Animal researchers are creating complex maps involving tens of thousands of animal species. The maps won’t depict where animals live or how they migrate. But many scientists believe these genome maps could one day help prevent disease and save animals from extinction.
Genome maps aren’t like road maps. Instead of directing a traveler from point A to point B, they help scientists locate information within genomes.
A genome is all of the genetic material of a living thing. Genomes contain complete operating instructions—DNA, genes, and chromosomes—for plants, animals, humans, and viruses. This complete information includes what an organism looks like, what its weaknesses are, where its parts belong, how they work, and so on.
There’s a genome for every species—people, cows, corn, influenza. Besides that, every individual creature within a species has its own genome. So every dog in your neighborhood has its own genome. The same goes for every lion in Africa, shark in the ocean, and apple tree on Earth. Every human being—all 7.6 billion of them—has his or her own unique genome. (There’s just one exception: identical twins.) And within those genomes lie the similarities and differences found among members of the same species.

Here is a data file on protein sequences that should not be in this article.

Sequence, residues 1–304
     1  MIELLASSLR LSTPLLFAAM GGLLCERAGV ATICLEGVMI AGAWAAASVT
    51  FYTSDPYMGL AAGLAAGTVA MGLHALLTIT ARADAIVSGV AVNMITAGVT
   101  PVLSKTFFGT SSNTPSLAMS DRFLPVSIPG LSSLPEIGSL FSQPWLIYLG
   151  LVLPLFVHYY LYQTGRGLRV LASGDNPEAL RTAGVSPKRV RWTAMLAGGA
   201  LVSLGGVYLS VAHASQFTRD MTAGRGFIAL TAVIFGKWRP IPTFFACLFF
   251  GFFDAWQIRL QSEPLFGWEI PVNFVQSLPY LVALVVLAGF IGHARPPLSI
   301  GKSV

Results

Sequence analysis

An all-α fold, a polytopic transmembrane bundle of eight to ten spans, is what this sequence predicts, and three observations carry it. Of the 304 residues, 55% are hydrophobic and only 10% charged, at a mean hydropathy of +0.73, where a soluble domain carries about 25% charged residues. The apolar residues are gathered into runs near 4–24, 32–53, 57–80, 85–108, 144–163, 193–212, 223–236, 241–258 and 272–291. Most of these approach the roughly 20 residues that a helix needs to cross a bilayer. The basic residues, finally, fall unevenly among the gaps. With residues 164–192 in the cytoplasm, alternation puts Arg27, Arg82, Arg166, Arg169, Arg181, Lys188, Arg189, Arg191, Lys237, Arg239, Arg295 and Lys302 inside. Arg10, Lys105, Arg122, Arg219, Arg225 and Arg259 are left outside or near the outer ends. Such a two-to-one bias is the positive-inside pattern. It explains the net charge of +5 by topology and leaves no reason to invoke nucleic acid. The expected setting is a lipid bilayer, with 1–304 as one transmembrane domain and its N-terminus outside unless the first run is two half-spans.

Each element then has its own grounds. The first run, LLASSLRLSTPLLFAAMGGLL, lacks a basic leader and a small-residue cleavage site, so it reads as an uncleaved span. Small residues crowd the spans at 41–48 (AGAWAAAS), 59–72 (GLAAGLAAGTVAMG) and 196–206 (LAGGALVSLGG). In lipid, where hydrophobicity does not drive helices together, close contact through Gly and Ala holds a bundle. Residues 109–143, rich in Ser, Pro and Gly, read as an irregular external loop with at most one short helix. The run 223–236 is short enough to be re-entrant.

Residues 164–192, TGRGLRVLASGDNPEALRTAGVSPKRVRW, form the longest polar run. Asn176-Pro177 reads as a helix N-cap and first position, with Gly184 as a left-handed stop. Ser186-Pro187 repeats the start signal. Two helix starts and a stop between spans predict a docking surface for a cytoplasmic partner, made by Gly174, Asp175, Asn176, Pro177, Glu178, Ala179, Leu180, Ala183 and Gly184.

What a mighty God we love and serve! Think of the vast differences among species and individuals. “Great is our Lord, and abundant in power; His understanding is beyond measure.” (Psalm 147:5) God the Creator knows every single part of every single genome of every single organism.
Scientists working on the Vertebrate Genomes Project (VGP) hope to construct 66,000 genome maps. That’s one for every species of mammal, bird, reptile, amphibian, and fish on Earth. (Not individual animals, just the species. Whew!)
The mammoth job could easily take 10 years, says Sadye Paez, VGP program director. But scientists believe the genome maps will be worth the work. They could help researchers better understand how genes work, what they should look for as they monitor health and disease resistance, and how an animal copes with environmental changes.
Researchers started slowly. They mapped 15 genomes. These ranged from a newly discovered turtle from Mexico to a flightless parrot native to New Zealand.
Paez believes giving scientists access to genome maps could help save rare species, like the Canada lynx. That’s one of the animals mapped for the VGP project. She describes the project as an effort to “essentially communicate a library of life.”
List of the 15 Animals with New Genome Maps
Greater horseshoe bat
Pale spear-nose bat
Goode’s Thornscrub tortoise
Male zebra finch
Female zebra finch
Tire track eel